BI turns criminals' worst enemy
Dale Peet, senior industry consultant at SAS discusses the advent of fusion centres and their impact on criminal organsiations operating in and between provinces.
Media Coverage: Publication: ITWeb
Crime-fighting organisations are starting to look to networks like Facebook and Twitter for clues on criminal activity, says SAS' Dale Peet.
Business intelligence (BI) is fast becoming criminals' biggest enemy, as it is being used to combat terrorism, serious and organised crime, as well as fraud.
So says Lieutenant Dale Peet, senior industry consultant at SAS, who was visiting SA last week, in an interview with ITWeb. He points out that BI is just one aspect of a criminal intelligence platform, known as a fusion centre.
"Known as war rooms in SA, fusion centres allow law enforcement bodies to analyse data, identifying trends, criminal organisations, as well as suspects who may be responsible for crimes being committed in and between provinces.”
Peet believes the ultimate goal in the future is developing the ability to forecast criminal activity before it occurs, allowing resources to be allocated to address the issue, reducing the cost of response and providing for a safer community.
“This approach uses search, data management and powerful analytics as another tool available to the police to assist them in making more informed and proactive decisions related to criminal activity.”
He also points out that while most law enforcement agencies have a wealth of data in various formats to work from, they often can't turn this data into intelligence. “Being able to pull the right data, and having the ability to analyse it quickly and efficiently, often makes all the difference when it comes to solving a crime.”
With social media providing a wealth of real-time information, Peet explains, crime-fighting organisations are starting to look to networks like Facebook and Twitter for clues on criminal activity.
“Real-time transaction and behavioural monitoring is becoming critical to preventing Internet fraud. But to get the bigger picture, information needs to be consolidated with other records in a secure environment. To do this, fusion centres have been established across the world and are becoming more and more critical, given the strong link between shared data and successful crime-fighting.”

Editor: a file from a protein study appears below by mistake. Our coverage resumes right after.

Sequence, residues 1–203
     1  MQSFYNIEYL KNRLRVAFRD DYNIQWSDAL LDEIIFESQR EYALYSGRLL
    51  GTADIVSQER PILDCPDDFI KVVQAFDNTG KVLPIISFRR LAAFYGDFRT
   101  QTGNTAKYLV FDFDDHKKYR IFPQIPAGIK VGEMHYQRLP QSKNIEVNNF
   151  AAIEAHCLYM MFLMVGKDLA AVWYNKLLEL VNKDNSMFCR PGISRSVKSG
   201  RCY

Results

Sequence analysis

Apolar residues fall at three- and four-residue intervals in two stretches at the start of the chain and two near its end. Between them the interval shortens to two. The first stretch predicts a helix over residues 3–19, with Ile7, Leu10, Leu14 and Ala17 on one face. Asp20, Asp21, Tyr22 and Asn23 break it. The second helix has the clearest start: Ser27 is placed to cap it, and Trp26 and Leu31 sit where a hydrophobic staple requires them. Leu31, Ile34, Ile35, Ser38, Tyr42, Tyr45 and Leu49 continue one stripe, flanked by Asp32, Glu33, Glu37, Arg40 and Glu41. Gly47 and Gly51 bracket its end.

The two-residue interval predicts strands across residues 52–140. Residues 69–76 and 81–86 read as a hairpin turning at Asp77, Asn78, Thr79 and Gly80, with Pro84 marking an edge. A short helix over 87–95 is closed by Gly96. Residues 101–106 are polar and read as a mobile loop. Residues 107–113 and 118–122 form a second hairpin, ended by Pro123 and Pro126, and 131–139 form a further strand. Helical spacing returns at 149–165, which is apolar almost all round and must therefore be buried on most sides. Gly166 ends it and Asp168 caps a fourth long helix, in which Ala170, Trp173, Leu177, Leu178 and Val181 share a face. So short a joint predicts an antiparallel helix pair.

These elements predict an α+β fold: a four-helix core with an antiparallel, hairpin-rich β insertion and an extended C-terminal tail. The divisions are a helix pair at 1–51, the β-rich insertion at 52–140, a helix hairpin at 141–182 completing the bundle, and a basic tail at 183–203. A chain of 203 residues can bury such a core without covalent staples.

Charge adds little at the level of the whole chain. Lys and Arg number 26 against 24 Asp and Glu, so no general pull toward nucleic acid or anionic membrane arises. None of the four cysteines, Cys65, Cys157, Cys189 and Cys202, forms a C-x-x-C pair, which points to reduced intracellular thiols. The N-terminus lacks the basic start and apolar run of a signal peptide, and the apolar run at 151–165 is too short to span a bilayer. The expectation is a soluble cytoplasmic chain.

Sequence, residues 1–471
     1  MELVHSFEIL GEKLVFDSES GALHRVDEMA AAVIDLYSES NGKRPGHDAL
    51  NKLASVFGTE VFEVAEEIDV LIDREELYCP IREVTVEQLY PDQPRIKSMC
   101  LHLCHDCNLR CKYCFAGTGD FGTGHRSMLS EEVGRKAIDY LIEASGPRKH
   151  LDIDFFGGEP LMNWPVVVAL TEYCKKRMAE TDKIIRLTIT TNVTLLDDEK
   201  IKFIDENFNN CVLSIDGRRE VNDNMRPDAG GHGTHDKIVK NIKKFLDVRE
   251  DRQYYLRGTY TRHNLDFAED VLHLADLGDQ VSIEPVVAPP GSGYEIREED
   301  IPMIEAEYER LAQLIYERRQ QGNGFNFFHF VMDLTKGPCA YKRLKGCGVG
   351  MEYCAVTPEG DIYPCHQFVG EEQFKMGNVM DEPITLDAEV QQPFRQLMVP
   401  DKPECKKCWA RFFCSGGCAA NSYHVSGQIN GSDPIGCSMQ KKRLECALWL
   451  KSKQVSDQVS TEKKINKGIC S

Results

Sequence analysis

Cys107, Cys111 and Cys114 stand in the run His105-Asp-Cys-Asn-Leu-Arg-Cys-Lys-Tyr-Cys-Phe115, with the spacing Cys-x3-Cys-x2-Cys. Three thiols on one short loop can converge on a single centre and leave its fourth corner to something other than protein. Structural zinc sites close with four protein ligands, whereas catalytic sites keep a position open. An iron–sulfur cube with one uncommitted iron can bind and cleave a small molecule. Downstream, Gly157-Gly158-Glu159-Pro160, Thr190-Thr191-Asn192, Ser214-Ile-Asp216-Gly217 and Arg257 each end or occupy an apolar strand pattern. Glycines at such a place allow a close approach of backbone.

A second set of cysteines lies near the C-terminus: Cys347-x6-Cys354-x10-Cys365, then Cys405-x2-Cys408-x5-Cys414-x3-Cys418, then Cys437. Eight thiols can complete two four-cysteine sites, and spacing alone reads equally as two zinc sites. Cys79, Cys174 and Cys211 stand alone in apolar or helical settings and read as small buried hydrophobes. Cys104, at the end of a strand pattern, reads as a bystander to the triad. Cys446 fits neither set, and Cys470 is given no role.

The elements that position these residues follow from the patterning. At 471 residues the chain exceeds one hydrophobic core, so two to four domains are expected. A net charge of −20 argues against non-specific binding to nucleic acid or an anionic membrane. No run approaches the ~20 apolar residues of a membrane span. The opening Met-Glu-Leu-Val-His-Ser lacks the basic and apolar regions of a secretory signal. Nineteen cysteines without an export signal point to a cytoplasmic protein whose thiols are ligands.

Peet says the SAS social media analysis tool is designed to comply with national privacy laws. “The default setting allows investigators to mine data from public viewable social media channels only.
“Any sites that are protected and secure require law enforcement to obtain a court order to obtain this protected information, which will be provided by the social media site provider. Direct access to secured sites is not possible unless specifically ordered by the court.”
He also explains that fusion centres are usually implemented at the regional or national level, empowering the police to sift through a large quantity of data and make connections between individuals or groups.
However, he notes that the ability of fusion centres to access or share information across international borders is very difficult due to international treaties and other laws that may prevent this from occurring.
“This approach of bringing silos of information together is helping law enforcement across the world to determine the probability of crimes in particular locations and how these crimes may relate to criminal activity in their jurisdictions.
“Criminal activity is no longer limited to a single area or population, but many times expands across national borders. The hardware, software and services designed for a fusion centre are improving the intelligence processes, enhancing public safety, and preventing and deterring crime, terrorism and other threats, both locally and worldwide.”
Peet says fusion centres are being used across the world. For example, he explains, in the UK, they will play an important role during the Olympic Games this year. “The Public Security team at SAS is currently working with the state of Michigan, in the US, to deploy a primary criminal intelligence platform, which will provide access to more than 600 law enforcement agencies, more than 21 000 police officers, as well as numerous state and federal departments.”